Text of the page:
The Path to IoT

The Internet of Things (IoT) represents a large new business opportunity for service providers to develop new streams of revenue. For end users, IoT has the potential to provide solutions that can dramatically enhance productivity and the quality of daily life.

To enable communication between IoT devices and the network, IP addresses will need to be assigned to the devices, and the domain names where applications and services reside must be translated and resolved by DNS.

DNS infrastructure is relied on to provide access to the content and applications on the network. This requires DNS to be dynamic, intelligent, and secure—providing the appropriate address response to the subscriber based on network and application health and availability. Security is a critical component for end-to-end IoT services. IoT security is still largely undefined and therefore need to be designed and implemented from the start.

IoT Security Vulnerabilities

According to Gartner, there will be 20.8 billion connected devices worldwide by 2020. This large number of diverse devices connected to the network could become targets for distributed denial-of-service (DDoS) attacks and other threats, as IoT devices are often constrained in memory, storage, and compute resources. IPv6 network addressing for IoT devices and backwards compatibility with IPv4 applications is essential to support so many new devices. The requirement to handle millions or billions of DNS requests per second may impact network performance. It can also affect the availability of services and applications for many users.

In a February 2016 survey and subsequent report on The Future of Mobile Service Delivery, Jim Hodges, senior analyst of Heavy Reading, explains how service providers view the DNS domain as a key area of security vulnerability. The full challenges haven’t been fully understood, and service providers are still learning about IoT and next-generation 5G network security requirements. In the meantime, almost half of the survey respondents believe that DNS security threat levels are clearly on the rise.

Figure 1: DNS attacks are on the rise.

Service providers believe some types of DNS attacks are much more difficult to manage than others. The hands-down winner is volumetric attacks—the toughest to handle among volumetric, trickle, cache poisoning, and DNS tunnel vector attacks.

Figure 2: DNS attack types and the risk to the network.

In addition, DNS continues to be a target for DDoS attacks. When DNS goes down, applications will fail to function properly, affecting subscriber experience. It is now more critical than ever for operators to enable dynamic service delivery infrastructure for managing and securing the impending flood of DNS traffic.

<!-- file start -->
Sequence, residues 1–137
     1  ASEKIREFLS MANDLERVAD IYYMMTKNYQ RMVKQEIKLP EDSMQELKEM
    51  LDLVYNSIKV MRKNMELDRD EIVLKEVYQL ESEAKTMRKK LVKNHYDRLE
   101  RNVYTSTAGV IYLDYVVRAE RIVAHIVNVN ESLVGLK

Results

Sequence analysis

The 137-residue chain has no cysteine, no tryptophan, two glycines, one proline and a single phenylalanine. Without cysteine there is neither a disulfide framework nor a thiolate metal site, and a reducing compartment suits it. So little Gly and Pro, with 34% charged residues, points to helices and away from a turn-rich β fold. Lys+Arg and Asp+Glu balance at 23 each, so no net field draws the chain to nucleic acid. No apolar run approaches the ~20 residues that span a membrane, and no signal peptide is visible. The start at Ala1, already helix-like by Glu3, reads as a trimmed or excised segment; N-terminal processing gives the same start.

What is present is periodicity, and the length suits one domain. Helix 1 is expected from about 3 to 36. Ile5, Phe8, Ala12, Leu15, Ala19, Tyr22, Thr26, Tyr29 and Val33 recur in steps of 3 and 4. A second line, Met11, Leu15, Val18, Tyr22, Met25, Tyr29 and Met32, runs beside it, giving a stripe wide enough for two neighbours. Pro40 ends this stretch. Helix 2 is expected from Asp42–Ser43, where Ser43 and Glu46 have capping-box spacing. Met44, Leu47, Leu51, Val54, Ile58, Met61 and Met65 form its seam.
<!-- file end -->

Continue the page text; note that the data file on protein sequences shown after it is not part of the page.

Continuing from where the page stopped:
IoT Solutions—Scale, Performance, and Security

Optimizing the DNS infrastructure

Service providers use DNS to enable subscriber access to critical services and applications. If DNS is unavailable, services won’t function properly, leading to network and service degradation or failures. To prevent these issues, service providers must optimize and secure the DNS infrastructure. However, such an infrastructure requires tremendous amounts of real-time management and stability. Thus, scaling DNS will be crucial when dealing with millions of service names and IP addresses in support of IoT.

As service providers scale their control planes, they also need to ensure the security of device, subscriber, and billing data, as well as the capacity to withstand DNS DDoS attacks, DNS amplification attacks, and DNS tunneling for circumventing service limits.

The need for a comprehensive solution

Because DNS infrastructure is designed to provide access to the content and applications on the network, service providers need to build a comprehensive security solution to protect their DNS infrastructure from DDoS attacks. The solution must be capable of handling tens of millions query responses per second (RPS) for attack mitigation, while providing the ability to inspect, validate, and control DNS through protocol validation and rate limiting. In addition, the DNS infrastructure requires monitoring, alerting, logging, and analytics to understand attacks—while distributing the load between synced DNS devices. Finally, it’s important to block access to malicious IP domains with filtering-based customization. For example, support for response policy zones (RPZs) allows customized handling of domain name information (zones).

Implementing DNS security

Service providers will need to implement a dynamic and intelligent DNS infrastructure, which can provide the correct address response for subscribers, based on the health and availability of networks and applications. Service providers must architect a scalable, intelligent DNS security infrastructure that gives mobile users faster access and service response. This includes carrier-grade hyperscale authoritative DNS as well as high-performance LDNS caching and resolving. Both must be protected with DNS firewall security services for mitigating DNS DDoS attacks. The firewall should also shield the DNS infrastructure from malicious attacks by infected subscribers, as well as undesired DNS queries and responses that reduce DNS and service performance. An intelligent DNS firewall will inspect and validate protocols while dropping invalid requests or refusing to accept unsolicited responses.


With millions of service names and IP addresses, along with growing IPv6 deployments, service providers must architect secure and agile networks that offer connectivity, security, and an optimal customer experience. This includes protecting the networks—from the device to DNS infrastructures and to the applications in data centers.

Learn more about scalable, high-performance security solutions that can help service providers mitigate sophisticated and emerging threats to devices, DNS, and L7 applications.